Trading Standards Service (TSS) has once again urged potential car buyers to exercise extreme caution after local motorists were again targeted in a car buying scam.
Typically advertisements appear in local newspapers and car sale websites for vehicles at exceptionally keen prices. The seller engages in very convincing dialogue with prospective customers solely by text and email. They claim to be selling their car privately having returned to Sweden after long term working in Northern Ireland and no longer wishing to own a right hand drive car. Promises are made of a safe payment method and delivery through a third party logistics company. It is all very plausible.
This time a County Down couple paid £4,850 by bank transfer for a 2010 Ford Kuga. They have lost a sizeable sum of money and have no car to show for it. In early autumn Trading Standards Service heard from three consumers who had lost some £13,000 between them. The correspondence by the seller in all these cases is virtually identical except for details of the cars advertised, which is proof of its continuing effectiveness as consumers are lured in to the scam.
In each case a link was sent to the consumers that opened up a specially created website for the fake logistics company. This highlights how scammers are targeting unsuspecting people by using increasingly sophisticated and manipulative tactics.
In a local twist the Trading Standards Service was recently able to advise a consumer from England before they nearly parted with their money in a similar scam. The consumer had become increasingly suspicious of the seller and their refusal to allow them to inspect the car because it was in a cargo shipping container. TSS discovered that the vehicle storage depot in south Belfast, where it was supposedly stored, did not exist. Furthermore examination showed the website the consumer had been directed to was fake, as was the company represented on it. To help push this “private” sale the seller had even emailed the consumer with copies of a driving licence, bank statement, a utility bill and company details – all of which were false.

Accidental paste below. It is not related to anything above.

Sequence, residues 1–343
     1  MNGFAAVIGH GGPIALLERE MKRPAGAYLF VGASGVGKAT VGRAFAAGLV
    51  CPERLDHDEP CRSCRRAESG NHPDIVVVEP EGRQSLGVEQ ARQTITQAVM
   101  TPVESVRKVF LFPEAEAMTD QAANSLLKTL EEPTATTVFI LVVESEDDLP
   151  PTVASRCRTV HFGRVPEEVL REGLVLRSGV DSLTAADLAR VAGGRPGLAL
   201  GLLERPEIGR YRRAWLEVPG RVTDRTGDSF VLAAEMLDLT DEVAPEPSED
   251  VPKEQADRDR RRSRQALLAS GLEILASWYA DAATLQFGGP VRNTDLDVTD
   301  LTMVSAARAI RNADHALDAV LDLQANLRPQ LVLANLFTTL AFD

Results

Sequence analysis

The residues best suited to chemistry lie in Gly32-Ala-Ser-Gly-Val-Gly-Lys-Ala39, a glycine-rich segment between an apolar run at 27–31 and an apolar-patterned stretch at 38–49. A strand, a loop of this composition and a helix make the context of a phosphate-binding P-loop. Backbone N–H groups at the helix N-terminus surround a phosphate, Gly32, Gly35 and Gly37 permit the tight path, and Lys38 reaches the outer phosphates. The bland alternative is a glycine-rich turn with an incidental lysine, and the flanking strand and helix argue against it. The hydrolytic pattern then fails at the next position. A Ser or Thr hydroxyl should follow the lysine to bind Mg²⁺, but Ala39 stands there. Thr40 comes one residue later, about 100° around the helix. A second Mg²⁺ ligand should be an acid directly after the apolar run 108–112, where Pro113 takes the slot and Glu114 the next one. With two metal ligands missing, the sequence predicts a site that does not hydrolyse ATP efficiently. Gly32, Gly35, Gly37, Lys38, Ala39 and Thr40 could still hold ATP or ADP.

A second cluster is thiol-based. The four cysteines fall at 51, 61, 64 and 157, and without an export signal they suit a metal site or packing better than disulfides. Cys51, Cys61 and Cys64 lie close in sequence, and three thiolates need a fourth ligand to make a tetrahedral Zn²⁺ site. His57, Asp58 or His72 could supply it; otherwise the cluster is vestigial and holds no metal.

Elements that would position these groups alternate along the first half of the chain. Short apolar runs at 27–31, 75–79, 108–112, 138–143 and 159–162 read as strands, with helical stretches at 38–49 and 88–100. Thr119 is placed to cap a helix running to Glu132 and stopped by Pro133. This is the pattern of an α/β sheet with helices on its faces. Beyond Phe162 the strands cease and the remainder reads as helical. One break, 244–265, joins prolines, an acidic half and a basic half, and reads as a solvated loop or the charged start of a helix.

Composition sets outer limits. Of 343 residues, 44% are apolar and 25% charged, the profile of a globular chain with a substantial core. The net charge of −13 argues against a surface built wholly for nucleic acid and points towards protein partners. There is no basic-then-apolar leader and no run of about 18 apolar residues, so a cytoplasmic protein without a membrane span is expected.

No matter how good the bargain may seem, people should never part with money without seeing and dealing with a potential seller face to face and without seeing the car in question. As one victim belatedly advises: “Buyers should see the person, touch the metal.”
Bill Malloy, Trading Standards Service, said: “Follow the old adage. If something looks too good to be true, it probably is. Don’t be rushed into sending off money to someone you do not know, however plausible they might sound and even where an approach is personalised.”
Consumers who feel that they are a victim of a scam or suspect a scam should contact Consumerline on 0300 123 6262 or alternatively log onto the Consumerline website at http://www.consumerline.org